Randall Marquis has lived in California for 31 years, but he knew it was a mistake when he received a notice last month that said he was newly registered to vote. He may have a state driver’s license, but he’s a citizen of Canada.
“When I saw that card, I just threw it out,” Marquis said. “I know I’m not going to vote. I’m not allowed to vote, it’s stupid that I should be registered to vote.”
The Newport Beach resident, who has a green card and is married to a U.S. citizen, was one of some 1,500 people who the California Department of Motor Vehicles said on Monday were wrongly registered to vote between late April and late September. These errors, which included other non-citizens, are in addition to the roughly 23,000 registration mistakes disclosed by the DMV last month.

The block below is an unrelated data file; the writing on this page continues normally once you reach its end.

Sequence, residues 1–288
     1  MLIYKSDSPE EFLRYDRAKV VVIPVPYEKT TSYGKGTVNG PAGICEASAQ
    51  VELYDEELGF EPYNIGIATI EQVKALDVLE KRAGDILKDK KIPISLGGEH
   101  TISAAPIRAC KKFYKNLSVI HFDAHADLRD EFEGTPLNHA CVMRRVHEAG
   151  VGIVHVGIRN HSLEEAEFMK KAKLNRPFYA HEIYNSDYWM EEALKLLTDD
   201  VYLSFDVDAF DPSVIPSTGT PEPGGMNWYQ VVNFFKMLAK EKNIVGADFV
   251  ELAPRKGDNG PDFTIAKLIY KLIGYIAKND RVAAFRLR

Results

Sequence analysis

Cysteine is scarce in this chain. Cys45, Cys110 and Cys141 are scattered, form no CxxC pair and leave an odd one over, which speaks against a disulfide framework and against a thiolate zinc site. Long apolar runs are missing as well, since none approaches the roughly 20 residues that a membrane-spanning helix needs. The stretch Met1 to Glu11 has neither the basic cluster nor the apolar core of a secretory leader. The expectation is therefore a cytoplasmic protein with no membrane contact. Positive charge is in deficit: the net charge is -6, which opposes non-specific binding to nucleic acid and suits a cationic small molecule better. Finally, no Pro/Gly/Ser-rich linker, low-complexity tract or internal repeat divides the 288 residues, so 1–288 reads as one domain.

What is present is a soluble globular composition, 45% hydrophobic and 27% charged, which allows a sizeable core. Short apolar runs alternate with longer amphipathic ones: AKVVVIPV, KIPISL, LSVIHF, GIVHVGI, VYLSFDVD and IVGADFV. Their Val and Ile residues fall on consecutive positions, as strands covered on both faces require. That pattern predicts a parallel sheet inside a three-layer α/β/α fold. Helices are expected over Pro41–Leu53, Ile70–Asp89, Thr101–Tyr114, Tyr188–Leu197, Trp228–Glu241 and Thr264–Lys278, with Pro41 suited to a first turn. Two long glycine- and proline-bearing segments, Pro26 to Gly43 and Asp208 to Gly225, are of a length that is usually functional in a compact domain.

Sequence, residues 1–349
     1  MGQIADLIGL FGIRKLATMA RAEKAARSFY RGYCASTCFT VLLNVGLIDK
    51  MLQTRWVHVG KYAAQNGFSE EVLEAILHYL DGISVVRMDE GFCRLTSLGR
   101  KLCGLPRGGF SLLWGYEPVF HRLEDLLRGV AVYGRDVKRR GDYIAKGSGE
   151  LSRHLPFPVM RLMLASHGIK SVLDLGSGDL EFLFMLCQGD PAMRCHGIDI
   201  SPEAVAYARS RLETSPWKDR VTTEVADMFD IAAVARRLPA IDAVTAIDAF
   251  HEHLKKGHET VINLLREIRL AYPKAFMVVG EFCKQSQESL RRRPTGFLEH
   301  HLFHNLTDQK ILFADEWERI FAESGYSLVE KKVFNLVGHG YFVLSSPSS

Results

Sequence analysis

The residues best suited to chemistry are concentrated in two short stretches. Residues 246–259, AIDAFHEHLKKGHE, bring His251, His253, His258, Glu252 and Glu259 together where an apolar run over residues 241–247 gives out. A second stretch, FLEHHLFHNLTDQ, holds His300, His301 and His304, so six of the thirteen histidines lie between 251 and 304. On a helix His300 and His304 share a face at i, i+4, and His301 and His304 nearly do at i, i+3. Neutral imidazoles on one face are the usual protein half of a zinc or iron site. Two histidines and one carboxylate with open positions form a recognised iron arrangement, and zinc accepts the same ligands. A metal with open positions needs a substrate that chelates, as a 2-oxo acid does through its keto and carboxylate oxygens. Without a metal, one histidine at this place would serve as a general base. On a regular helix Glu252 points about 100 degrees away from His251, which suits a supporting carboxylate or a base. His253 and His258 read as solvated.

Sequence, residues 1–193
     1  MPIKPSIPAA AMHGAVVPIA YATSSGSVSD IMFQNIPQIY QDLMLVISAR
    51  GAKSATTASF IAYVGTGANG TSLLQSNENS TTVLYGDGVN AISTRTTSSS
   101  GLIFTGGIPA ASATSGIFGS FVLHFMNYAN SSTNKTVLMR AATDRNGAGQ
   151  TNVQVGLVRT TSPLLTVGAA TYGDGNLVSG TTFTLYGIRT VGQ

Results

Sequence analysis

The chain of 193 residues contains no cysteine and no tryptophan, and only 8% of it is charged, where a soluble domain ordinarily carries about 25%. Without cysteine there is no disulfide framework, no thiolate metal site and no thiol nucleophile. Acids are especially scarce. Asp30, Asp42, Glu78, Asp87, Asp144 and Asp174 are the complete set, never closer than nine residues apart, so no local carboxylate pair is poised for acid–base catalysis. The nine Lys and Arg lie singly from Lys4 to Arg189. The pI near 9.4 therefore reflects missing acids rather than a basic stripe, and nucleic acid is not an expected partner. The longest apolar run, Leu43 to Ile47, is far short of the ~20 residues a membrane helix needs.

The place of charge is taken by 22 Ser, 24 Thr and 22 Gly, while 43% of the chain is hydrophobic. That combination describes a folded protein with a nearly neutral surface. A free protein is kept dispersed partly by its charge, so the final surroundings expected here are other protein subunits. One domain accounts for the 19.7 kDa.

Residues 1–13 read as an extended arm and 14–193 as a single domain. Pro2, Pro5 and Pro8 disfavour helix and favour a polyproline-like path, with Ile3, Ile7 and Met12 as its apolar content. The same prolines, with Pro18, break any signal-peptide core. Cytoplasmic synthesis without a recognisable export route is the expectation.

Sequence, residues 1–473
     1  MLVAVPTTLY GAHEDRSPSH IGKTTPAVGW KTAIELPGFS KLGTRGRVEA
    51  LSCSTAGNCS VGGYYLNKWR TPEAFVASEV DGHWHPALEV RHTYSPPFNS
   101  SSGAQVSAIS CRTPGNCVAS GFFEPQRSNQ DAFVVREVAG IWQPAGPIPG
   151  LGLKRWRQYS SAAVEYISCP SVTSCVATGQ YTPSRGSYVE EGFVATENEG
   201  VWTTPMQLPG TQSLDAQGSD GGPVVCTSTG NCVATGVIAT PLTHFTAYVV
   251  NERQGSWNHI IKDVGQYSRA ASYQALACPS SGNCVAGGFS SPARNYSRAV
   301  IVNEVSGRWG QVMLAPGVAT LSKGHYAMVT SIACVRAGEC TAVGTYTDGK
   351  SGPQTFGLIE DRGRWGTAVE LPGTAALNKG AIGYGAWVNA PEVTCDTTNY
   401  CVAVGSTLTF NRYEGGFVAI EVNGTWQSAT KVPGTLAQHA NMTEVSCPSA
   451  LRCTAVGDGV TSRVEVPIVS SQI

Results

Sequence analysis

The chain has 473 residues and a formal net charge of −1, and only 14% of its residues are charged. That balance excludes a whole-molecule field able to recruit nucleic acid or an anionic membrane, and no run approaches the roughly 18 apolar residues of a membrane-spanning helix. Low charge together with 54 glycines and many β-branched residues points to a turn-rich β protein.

Marquis contacted The Times on Sept. 30 to say that his attempt to get a replacement driver’s license at a DMV field office in late August ended with him being sent a registered voter notice by elections officials. DMV officials, in responding to a request for comment from The Times, then discovered additional errors that were blamed on employees making data entries.